Matthew Cullinan Hoffman

  CENTRAL AMERICA, August 31, 2007 (—Sweden announced on Tuesday that it would sever aid to several countries that oppose its pro-abortion policy, including Nicaragua, Honduras, El Salvador, and Peru.

  Although the government of Sweden did not publicly attribute the decision to the abortion policies of the Latin American nations, the Nicaraguan newspaper La Prensa yesterday quoted anonymous sources who stated that the Swedish leadership, “was very concerned about the issue of therapeutic abortion.” “What happened is that they are very involved in the area of health.  The announcement is for the purpose of seeing if the debate over therapeutic abortion will be reopened again,” the newspaper was told.

  Two representatives in the Nicaraguan Congress, Alba Placios and Wilfredo Navarro, accused the Swedish ambassador, Eva Zetterberg, of trying to use Sweden’s foreign aid program to force abortion on the country.

“The Swedes have been exerting pressure and conditioning all of their aid on meddling, principally the ambassador Eva Zetterberg…The basis for removing Swedish aid is the topic of abortion.  Zetterberg is an open sponsor of abortion in Nicaragua,” said Navarro.

  The Swedish diplomatic corps in Nicaragua has repeatedly hinted to Nicaragua that continuing its policy of prohibiting abortions would jeopardize foreign aid assistance from the country.  Last year, when legislators were debating a new law that would make all direct abortions illegal, Zetterberg joined other ambassadors and leaders from United Nations agencies in urging the government not to pass the legislation.  Zetterberg herself went to the Nicaraguan Congress to witness the vote, which was seen by some as an act of intimidation.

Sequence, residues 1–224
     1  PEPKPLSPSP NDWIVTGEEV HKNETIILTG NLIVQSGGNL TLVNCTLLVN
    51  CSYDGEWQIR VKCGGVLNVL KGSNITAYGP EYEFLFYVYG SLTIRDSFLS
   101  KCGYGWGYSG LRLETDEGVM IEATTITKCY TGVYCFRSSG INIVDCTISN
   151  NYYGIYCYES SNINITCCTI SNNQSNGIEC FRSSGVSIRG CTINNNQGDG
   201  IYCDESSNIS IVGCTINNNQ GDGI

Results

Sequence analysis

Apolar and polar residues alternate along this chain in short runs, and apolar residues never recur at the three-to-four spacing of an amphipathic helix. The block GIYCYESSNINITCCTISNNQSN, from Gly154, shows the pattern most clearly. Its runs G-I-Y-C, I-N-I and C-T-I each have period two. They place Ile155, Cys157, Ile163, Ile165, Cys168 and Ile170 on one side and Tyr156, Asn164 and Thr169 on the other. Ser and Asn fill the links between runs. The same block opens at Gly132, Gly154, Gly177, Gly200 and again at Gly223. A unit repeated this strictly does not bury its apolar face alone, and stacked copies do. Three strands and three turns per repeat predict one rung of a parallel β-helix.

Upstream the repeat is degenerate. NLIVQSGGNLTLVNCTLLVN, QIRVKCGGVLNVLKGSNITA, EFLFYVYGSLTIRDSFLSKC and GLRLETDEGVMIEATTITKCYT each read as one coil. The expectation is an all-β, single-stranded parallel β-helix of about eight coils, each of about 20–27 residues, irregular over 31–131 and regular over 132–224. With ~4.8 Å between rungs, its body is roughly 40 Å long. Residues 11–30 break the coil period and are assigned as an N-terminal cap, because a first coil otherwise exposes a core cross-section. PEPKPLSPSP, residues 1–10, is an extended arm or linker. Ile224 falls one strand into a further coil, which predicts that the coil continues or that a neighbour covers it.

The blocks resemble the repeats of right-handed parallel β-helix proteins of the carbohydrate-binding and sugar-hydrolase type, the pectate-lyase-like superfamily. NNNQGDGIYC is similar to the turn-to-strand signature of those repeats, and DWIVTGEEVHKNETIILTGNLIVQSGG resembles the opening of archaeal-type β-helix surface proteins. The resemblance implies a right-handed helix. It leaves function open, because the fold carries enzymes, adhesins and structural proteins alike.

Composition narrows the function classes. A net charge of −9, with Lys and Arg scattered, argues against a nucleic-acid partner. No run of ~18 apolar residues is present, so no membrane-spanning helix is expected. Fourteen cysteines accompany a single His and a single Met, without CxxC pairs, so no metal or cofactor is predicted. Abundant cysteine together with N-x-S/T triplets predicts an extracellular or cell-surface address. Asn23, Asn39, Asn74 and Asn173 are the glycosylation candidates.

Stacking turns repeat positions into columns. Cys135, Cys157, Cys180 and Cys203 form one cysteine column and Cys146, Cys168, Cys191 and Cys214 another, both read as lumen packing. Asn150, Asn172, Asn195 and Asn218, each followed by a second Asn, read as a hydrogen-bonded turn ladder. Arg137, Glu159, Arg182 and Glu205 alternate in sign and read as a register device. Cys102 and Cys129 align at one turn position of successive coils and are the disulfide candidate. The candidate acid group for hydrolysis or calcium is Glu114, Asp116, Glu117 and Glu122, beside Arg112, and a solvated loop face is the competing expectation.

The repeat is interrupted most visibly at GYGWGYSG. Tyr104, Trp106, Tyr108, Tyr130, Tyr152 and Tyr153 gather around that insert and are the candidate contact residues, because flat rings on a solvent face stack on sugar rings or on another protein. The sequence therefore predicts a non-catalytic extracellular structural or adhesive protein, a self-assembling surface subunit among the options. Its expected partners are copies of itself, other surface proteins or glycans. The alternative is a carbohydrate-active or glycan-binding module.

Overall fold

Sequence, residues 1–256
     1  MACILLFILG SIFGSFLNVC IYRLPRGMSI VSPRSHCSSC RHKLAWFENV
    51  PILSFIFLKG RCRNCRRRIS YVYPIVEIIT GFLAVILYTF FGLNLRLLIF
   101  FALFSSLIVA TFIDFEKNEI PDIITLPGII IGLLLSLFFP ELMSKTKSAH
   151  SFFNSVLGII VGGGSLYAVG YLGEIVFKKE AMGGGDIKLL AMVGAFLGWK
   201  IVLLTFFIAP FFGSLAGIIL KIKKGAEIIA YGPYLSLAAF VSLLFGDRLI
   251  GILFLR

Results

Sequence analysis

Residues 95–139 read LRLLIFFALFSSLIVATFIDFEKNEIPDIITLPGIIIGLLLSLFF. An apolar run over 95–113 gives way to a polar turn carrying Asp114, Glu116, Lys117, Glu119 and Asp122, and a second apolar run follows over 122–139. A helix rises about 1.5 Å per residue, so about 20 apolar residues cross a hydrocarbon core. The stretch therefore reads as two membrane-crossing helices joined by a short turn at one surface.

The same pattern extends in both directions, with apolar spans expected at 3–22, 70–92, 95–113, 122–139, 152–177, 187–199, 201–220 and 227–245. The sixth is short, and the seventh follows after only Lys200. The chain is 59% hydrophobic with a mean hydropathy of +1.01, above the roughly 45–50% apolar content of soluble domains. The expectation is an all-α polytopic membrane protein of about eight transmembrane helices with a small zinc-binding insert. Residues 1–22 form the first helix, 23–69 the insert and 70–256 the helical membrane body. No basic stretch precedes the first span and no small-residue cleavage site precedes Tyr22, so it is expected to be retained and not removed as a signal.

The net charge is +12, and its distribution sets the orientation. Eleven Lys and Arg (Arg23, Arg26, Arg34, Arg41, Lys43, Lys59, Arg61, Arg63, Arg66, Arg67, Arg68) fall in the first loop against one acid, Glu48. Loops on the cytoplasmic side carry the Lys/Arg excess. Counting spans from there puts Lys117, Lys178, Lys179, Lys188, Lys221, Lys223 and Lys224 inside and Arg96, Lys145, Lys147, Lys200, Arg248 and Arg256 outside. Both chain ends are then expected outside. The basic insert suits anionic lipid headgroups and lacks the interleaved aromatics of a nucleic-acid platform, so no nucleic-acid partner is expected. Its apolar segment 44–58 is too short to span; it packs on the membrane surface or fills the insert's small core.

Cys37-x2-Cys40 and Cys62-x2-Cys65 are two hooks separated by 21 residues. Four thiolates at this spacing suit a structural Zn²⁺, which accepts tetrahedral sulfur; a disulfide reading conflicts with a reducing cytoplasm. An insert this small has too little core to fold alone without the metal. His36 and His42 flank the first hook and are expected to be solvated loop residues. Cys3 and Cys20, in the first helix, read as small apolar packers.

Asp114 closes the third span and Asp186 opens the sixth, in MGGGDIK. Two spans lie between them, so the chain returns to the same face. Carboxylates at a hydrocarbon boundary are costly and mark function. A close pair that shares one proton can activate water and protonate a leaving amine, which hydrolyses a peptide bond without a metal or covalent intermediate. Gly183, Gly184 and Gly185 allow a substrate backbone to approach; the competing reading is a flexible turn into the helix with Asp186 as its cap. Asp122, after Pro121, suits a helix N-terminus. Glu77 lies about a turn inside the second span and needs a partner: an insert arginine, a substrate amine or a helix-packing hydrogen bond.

At a meeting last year of the Donor’s Roundtable, a group of representatives of countries and UN agencies giving foreign aid to Nicaragua, Zetterberg told the media that the group “wants to ensure that mechanisms are planned to guarantee a better link between cooperation and government policies,” and stated that “therapeutic abortion” was “a very important issue”.

  When the law banning abortions was passed, a group of feminist organizations with ties to international foundations appealed the ruling.  The leader of the group, Ana Maria Pizarro, stated that Zetterberg and others in the “Donor’s Roundtable” (whose members are representatives of foreign aid donors to Nicaragua) had asserted that “they saw it as a great inconsistency, given that the European cooperation is based on the promotion of human rights and respect for democratic liberties.”

  Although the government of Sweden did not directly cite the countries’ abortion policies in its announcement, the Swedish ambassador to El Salvador stated that the changes in her country’s foreign aid policy were meant to address topics such as “peace, security, democracy, and human rights”, terms that are often used in relation to the pro-abortion agenda.

  Two other countries in Central America that prohibit all abortions, El Salvador and Honduras, were also cut off, as well as Peru, which has also failed to buckle under pressure to loosen abortion restrictions.

  The economist Nestor Avendano stated that the cuts would do serious harm to the most vulnerable sectors of the Nicaraguan economy, including health and education. “The government will have to reduce expenditures in other budgetary areas to be able to attend to those sectors with the same intensity,” he told La Prensa.

  However, Nicaragua also received news yesterday that Switzerland would more than triple its annual foreign aid to Nicaragua, from about $5 million to over $17 million annually for the next five years. This would partially offset the $21 million annual loss from Sweden’s pullout.